Jigar Patel v. Attorney General United States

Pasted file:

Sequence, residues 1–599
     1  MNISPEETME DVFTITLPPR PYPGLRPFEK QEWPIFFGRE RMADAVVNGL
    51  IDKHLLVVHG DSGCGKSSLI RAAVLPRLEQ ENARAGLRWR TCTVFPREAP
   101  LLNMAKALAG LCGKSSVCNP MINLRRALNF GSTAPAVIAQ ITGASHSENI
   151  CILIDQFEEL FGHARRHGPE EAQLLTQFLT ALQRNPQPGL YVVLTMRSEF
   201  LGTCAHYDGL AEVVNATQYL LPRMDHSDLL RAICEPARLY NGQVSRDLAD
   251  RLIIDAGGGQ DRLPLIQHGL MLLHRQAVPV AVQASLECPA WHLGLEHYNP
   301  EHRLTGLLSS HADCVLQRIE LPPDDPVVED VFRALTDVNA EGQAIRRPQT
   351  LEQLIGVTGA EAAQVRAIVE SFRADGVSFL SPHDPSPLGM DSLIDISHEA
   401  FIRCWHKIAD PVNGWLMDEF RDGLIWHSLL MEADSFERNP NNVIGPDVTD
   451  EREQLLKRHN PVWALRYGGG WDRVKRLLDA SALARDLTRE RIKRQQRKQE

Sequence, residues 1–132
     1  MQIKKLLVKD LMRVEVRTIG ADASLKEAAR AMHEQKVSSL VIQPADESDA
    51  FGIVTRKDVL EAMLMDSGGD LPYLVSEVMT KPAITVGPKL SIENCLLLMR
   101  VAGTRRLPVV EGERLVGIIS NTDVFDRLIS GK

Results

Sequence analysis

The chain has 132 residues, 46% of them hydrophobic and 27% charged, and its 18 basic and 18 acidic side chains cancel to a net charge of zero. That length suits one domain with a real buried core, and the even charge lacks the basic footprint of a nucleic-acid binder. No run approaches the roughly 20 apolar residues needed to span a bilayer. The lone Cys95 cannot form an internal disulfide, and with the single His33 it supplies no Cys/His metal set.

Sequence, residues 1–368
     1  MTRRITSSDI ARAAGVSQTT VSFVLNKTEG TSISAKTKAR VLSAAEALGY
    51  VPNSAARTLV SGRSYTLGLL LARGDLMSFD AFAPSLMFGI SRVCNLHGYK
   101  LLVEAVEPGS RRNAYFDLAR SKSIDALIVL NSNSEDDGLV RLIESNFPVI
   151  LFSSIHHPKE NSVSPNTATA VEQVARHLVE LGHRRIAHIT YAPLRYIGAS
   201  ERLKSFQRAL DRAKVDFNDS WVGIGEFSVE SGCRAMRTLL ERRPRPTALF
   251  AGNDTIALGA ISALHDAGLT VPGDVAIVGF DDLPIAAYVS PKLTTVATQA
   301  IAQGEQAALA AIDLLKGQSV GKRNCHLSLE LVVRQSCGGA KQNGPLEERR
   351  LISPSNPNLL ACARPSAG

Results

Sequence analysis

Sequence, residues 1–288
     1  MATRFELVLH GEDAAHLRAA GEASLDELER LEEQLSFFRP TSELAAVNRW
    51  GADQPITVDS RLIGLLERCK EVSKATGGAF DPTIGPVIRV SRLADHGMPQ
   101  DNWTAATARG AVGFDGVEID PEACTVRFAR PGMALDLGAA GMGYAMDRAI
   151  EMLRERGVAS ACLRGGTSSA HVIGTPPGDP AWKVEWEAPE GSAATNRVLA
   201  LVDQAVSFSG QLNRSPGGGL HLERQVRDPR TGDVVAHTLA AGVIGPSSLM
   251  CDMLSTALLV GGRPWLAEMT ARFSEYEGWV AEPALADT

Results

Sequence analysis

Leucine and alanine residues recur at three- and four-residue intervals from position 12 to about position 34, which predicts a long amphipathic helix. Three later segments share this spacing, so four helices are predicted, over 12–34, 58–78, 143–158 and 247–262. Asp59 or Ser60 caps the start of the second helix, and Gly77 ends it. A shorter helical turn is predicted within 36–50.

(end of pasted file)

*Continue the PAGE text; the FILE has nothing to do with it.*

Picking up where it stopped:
NOT PRECEDENTIAL UNITED STATES COURT OF APPEALS FOR THE THIRD CIRCUIT _____________ No. 17-2664 _____________ JIGAR RAJESH KUMAR PATEL, aka Darrell Gilliam, Petitioner v. ATTORNEY GENERAL OF THE UNITED STATES OF AMERICA, Respondent ____________ On Petition for Review of an Order of the Board of the Immigration Appeals (Agency No. A206 907 928) Immigration Judge: Kuyomars Q. Golparvar ____________ Submitted Pursuant to Third Circuit L.A.R. 34.1(a) April 13, 2018 Before: CHAGARES, VANASKIE, Circuit Judges, and BOLTON, District Judge ∗. (Filed: May 3, 2018) ____________ OPINION 1 ____________ ∗ The Honorable Susan R. Bolton, Senior United States District Judge for the District of Arizona, sitting by designation. 1 This disposition is not an opinion of the full Court and pursuant to I.O.P. 5.7 does not constitute binding precedent. BOLTON, District Judge. Jigar Rajesh Kumar Patel (“Patel”) petitions for review of a decision of the Board of Immigration Appeals (“BIA”) dismissing his appeal from an Immigration Judge’s (“IJ”) order denying his applications for asylum, withholding of removal, and relief under the Convention Against Torture (“CAT”). We will deny the petition. I Patel is a native and citizen of India. He came to the United States on a student visa in 2008. He returned to India in 2011 to get married and complete a visa application. On January 5, 2012, Patel re-entered on an H-1B visa and got a job as a pharmacy technician. On July 25, 2013, federal officers arrested Patel and four colleagues for fraud. United States Citizenship and Immigration Services revoked Patel’s visa on April 2, 2014. He pled guilty and was sentenced to 13 months’ imprisonment on January 15, 2015. After serving 11 months, Patel was released into U.S. Immigration and Customs Enforcement custody. His conviction was vacated on March 8, 2017. The Department of Homeland Security (“DHS”) initiated removal proceedings on December 14, 2015. DHS charged two grounds for removability: (1) conviction of a crime involving moral turpitude within five years of admission and (2) remaining in the United States beyond the time permitted after admission as a non-immigrant. Patel conceded removability on both grounds. He filed applications for asylum, withholding of 2 removal, and CAT protection on April 25, 2016. A hearing was held on December 12, 2016. Patel is a Hindu and supporter of the Indian Congress Party (“ICP”). The Bharatiya Janata Party (“BJP”) is currently in power in India and is hostile toward Muslims. Patel testified about four instances of persecution by BJP members and police—three while Patel was still in high school. First, when he was volunteering at an ICP-led effort to help earthquake victims in 2001, police beat Patel, took him to jail, and discouraged him from helping Muslims. Second, after a train attack in 2002, the government blamed Muslims. After riots broke out in Patel’s hometown, a Muslim friend named Sarfarosh asked for help. Patel invited Sarfarosh and his mother to hide in his home. Individuals in BJP apparel came to Patel’s house that evening and accused Patel of harboring the family ...

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